Homocystinuria is an inherited disorder in which the body is unable to process certain building blocks of proteins (amino acids) properly. There are multiple forms of homocystinuria, which are distinguished by their signs and symptoms and genetic cause. The most common form-called cystathionine beta-synthase deficiency, is characterized by nearsightedness (myopia), dislocation of the lens at the front of the eye, an increased risk of abnormal blood clotting, and brittle bones that are prone to fracture (osteoporosis) or other skeletal abnormalities. Some affected individuals also have developmental delay and learning problems.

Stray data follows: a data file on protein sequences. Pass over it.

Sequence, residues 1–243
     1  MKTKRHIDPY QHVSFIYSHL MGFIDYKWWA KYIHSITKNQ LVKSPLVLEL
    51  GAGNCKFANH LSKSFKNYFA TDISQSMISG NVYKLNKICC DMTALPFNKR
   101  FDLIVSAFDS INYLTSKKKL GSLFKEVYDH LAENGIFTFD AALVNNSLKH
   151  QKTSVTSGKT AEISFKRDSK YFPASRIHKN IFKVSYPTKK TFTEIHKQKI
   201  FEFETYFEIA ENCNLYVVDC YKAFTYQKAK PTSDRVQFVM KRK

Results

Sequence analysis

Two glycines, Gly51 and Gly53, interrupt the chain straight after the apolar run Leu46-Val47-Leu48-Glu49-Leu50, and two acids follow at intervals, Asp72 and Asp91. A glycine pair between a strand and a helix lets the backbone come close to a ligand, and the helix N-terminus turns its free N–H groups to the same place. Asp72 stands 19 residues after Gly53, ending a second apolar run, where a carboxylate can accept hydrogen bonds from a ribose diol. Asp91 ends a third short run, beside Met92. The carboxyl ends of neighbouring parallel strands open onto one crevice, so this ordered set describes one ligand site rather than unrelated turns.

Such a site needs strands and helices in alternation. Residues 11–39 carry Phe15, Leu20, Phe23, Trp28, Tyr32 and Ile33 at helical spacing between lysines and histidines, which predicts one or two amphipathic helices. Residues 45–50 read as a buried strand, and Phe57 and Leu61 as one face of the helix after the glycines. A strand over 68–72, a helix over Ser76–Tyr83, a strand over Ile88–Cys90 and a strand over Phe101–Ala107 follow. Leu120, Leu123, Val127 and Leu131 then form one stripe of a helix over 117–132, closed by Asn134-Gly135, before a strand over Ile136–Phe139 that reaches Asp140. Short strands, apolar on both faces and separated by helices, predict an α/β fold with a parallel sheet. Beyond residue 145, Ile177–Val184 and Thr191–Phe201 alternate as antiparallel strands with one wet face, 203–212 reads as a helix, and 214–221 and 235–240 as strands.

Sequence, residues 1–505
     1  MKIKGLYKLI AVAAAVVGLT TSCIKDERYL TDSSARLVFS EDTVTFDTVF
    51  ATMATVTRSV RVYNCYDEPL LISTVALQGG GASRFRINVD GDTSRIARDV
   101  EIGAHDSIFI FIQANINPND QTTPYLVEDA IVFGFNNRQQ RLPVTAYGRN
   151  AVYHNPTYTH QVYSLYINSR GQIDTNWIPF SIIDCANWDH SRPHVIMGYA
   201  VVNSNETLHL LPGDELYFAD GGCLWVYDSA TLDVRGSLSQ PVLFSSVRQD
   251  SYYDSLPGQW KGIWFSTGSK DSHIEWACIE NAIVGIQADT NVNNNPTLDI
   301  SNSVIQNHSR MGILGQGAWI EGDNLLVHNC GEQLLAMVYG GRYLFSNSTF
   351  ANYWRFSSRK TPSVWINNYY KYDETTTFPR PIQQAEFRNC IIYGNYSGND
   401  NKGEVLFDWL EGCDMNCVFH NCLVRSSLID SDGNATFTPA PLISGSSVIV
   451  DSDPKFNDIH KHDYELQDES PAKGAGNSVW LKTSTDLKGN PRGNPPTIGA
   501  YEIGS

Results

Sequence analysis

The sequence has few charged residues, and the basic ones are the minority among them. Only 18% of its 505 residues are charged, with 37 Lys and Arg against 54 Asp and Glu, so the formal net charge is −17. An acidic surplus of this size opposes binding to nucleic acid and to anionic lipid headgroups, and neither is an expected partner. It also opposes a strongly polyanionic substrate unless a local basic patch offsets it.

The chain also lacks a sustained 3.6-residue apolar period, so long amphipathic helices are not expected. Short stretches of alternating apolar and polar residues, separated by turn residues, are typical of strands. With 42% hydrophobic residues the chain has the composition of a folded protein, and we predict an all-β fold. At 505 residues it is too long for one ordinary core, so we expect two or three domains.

Less common forms of homocystinuria can cause intellectual disability, failure to grow and gain weight at the expected rate (failure to thrive), seizures, problems with movement, and a blood disorder called megaloblastic anemia. Mutations in the CBS, MTHFR, MTR, and MTRR genes cause homocystinuria, and it is inherited in an autosomal recessive manner. Treatment varies depending upon the cause of the disorder.